Q&A Report: Postsynaptic Neuronal Activity Promotes Retinal Axon Regeneration

Supraja Varadarajan, PhD answers questions from a recent webinar hosted by Striatech, “Postsynaptic Neuronal Activity Promotes Retinal Axon Regeneration”.

The answers to these questions have been provided by:

Supraja Varadarajan, PhD
Incoming Assistant Professor
University of Texas Southwestern Medical Center

You may also read this Q&A here: https://stria.tech/journal-club-postsynaptic-neuronal-activity-promotes-retinal-axon-regeneration/#QandA

Could you elaborate on the uniqueness of the distal injury model? How could it be used to study other diseases or conditions?

The distal injury is different from the optic nerve crush as the lesion site is caudal to the chiasm, not as severe, and RGC axons retain collaterals in some visual targets anterior to the lesion. These conditions cause degeneration in some RGCs therefore mimicking injuries that occur in clinical settings, as well as other degenerative optic neuropathies.

Have you looked at how individual retinal ganglion cell (RGC) subtypes may be affected in this injury model?

We haven’t yet looked at how different RGC subtypes are uniquely affected.

If all RGCs would die from the injury, how long would the green staining remain visible in the target areas?

In the CNS, degenerating processes should be cleared between 30-90 days.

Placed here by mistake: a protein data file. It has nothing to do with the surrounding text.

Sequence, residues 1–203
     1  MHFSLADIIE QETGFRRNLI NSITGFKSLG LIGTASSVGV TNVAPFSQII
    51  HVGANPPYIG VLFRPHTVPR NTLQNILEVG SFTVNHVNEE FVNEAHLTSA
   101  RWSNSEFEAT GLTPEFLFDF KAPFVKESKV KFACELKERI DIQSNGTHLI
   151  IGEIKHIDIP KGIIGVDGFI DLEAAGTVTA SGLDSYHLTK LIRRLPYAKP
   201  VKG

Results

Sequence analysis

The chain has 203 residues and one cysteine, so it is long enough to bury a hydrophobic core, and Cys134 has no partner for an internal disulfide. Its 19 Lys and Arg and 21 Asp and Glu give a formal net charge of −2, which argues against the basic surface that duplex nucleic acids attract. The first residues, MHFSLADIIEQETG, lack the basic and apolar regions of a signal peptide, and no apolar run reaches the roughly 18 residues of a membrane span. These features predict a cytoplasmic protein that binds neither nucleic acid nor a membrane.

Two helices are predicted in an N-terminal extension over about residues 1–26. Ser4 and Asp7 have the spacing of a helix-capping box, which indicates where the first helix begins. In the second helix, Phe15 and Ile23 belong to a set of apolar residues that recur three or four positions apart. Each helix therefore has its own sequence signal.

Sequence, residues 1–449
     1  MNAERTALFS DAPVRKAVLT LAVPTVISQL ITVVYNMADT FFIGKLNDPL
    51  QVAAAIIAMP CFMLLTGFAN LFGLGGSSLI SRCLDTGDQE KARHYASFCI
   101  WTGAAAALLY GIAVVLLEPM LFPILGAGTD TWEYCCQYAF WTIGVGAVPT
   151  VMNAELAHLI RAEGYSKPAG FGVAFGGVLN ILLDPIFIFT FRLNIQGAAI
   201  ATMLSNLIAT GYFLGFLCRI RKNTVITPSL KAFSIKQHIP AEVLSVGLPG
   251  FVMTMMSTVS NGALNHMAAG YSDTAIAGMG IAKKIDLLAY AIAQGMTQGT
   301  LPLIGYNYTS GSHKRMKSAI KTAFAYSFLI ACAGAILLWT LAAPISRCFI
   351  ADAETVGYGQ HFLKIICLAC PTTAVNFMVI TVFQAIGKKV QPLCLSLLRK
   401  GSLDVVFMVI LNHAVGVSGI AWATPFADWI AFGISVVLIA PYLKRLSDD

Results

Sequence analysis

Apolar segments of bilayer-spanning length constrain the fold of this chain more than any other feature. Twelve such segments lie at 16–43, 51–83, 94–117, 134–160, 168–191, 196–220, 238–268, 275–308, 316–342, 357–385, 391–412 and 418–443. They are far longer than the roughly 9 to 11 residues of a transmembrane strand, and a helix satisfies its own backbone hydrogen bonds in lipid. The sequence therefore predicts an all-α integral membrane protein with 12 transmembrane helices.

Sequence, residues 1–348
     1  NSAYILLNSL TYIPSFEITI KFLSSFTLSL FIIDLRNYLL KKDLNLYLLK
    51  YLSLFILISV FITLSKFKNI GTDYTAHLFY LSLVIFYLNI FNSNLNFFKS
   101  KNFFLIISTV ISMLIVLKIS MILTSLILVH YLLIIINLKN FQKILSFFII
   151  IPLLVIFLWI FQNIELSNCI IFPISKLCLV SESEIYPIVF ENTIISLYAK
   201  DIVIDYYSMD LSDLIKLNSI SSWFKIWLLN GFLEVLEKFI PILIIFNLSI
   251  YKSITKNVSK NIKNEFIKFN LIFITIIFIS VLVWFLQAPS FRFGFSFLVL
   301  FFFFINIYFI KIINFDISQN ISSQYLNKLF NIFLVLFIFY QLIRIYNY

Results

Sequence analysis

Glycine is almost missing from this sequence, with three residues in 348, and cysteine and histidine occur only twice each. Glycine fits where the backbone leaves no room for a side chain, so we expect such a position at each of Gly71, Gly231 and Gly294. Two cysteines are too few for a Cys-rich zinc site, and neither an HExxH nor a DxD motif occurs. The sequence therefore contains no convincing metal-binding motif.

Why are the spared axons spared?

The injury is a partial injury that severs some axons while other axons remain connected, i.e. spared.

Would increasing activity in postsynaptic neurons promote regeneration in an optic nerve crush model?

We haven’t tested this yet.

Have you looked at pattern ERG as a functional readout?


Since neighboring targets are innervated as well, this suggests that activity sets up a regenerative environment, and that it is not required for reconnecting?

It does indicate that activity promotes regeneration, but the current data does not test the role of activity in regeneration vs reconnection.

Can you identify if the regeneration you observe is coming from spared axons sprouting collaterals or are they from injured axons?

Yes retrograde labeling shows that there is a threefold increase in the number of RGCs labeled in the retina in the activity group compared to controls, indicating that injured axons are regenerating. However in addition to injured axons regenerating, spared axons are likely to be sprouting collaterals.

Since all injuries are not the same, and inflammation plays a major role in the repair process, which way the immune system may be playing a role, particularly in diseases?

We haven’t looked at the role of immune cells in our model yet.

What would be the most common normal injury or disease a patient might have that resembles the distal injury model?

Glaucoma and other degenerative diseases where some RGC axons degenerate over time are likely to show similar pathologies.